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itching in little toes when feet get warm at bedtime

by jim
(coventry u/k)

My feet are fine during the day but when i go to bed at night my little toes start to itch, the rest of my feet are fine. The itching feels like small electric shocks which after a while shoot down the side of my feet. The itching feels like it originates from the toenail.. It becomes so intense that my feet and sometimes legs, will jump involuntarily. Normally, getting out of bed and walking around for half an hour will ease the itching, but as soon as my feet get warm again, the itching starts. During the day my feet can be as warm as toast and i don't seem to suffer the same intensity of itchiness, tho i do feel a slight irritation.


Hi Jim,
The fact that your symptoms are reproducible when you go to bed each night is suggestive of either a neurological or vascular problem as opposed to a skin condition. In a skin condition you would tend to be bothered by this problem all day long, regardless of whether you were in bed or not.
I wish I knew more about your medical history, primarily your age and any major medical conditions that you may suffer from.
Without this information, lets talk about the two possibilities.
1. neurological. In this situation when you go to bed at night there is a chance you are experiencing what is known as a radiculopathy, which is an irritation of the nerves as they come out of the spinal column. Depending on your position in bed, the spine may be bent in such a manner that certain nerves are being irritated. It then manifests itself along the nerves that in your case go down into the fifth toes. It is symmetrical because the same nerve on each side of the body is being irritated. When you get out of bed and walk around you are releasing the pressure on the nerve and over time the feeling in your toes return to normal.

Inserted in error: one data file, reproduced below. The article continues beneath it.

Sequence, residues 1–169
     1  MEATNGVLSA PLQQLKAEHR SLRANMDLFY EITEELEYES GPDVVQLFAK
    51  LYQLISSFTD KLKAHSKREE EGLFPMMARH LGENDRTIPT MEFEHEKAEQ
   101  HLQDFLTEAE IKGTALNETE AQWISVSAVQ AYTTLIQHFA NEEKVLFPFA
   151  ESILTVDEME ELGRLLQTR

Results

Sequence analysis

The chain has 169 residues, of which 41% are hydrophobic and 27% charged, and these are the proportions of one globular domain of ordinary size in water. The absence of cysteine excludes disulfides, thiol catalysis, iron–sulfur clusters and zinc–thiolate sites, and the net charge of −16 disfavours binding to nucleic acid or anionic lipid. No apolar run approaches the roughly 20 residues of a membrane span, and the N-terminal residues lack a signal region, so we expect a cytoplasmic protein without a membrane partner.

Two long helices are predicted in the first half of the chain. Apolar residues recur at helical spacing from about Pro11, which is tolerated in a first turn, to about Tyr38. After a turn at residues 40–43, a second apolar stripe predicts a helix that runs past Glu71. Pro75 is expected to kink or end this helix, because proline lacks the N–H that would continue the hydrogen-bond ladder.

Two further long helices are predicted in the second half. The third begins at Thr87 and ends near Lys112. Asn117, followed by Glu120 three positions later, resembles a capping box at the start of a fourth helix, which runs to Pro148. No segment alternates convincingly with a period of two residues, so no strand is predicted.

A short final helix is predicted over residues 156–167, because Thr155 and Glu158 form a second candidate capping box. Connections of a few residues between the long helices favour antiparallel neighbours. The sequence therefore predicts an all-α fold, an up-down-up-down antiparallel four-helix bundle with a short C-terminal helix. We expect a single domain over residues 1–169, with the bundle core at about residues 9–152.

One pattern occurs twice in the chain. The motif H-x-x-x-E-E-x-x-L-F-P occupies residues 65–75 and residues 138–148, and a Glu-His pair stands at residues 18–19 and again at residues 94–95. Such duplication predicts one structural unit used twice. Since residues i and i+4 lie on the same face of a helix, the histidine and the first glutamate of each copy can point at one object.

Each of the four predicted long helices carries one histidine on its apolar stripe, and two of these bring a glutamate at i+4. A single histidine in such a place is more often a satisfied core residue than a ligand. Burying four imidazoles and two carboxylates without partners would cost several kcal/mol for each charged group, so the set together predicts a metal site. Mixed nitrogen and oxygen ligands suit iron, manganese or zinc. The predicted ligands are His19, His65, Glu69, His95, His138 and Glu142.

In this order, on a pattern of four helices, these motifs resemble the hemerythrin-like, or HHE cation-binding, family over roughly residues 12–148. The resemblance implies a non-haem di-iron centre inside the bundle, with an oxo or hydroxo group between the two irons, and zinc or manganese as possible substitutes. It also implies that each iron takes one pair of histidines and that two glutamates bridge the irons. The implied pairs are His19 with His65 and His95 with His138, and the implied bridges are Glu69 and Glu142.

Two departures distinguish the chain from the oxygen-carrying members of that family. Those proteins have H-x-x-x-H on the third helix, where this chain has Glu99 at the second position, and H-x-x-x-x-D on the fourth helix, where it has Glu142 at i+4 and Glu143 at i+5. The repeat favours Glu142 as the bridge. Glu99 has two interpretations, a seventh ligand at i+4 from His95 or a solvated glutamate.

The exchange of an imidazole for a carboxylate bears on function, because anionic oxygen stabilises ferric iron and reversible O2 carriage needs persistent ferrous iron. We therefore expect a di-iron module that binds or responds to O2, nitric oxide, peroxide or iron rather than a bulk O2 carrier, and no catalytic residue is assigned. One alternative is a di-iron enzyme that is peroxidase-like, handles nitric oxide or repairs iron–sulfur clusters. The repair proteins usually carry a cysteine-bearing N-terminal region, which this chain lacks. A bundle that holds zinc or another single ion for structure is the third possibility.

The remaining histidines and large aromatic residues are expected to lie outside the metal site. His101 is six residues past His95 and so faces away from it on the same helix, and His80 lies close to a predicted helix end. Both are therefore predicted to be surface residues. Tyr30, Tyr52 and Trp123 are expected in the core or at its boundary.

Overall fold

2. vascular. In this instance because your feet are elevated you are naturally reducing the blood flow into your feet because of no other reason other than gravity is no longer a factor in bringing blood down to your feet. Once again you get out of bed and you walk around, gravity then comes into play and more blood begins to flow into your feet and your symptoms diminish. What we find with many patients with poor circulation is that they sleep in chairs so that they can keep their feet in a dependent position all night.
So which condition are you suffering from? Unfortunately, I cannot answer that because I do not have the luxury of examining you. What I have presented to you are the two main possibilities, but not the only possibility.
Because their is a possibility that this is a circulation issue, my best advice to you would be to seek the services of a local doctor who would be best suited to make an accurate diagnosis.

Marc Mitnick DPM

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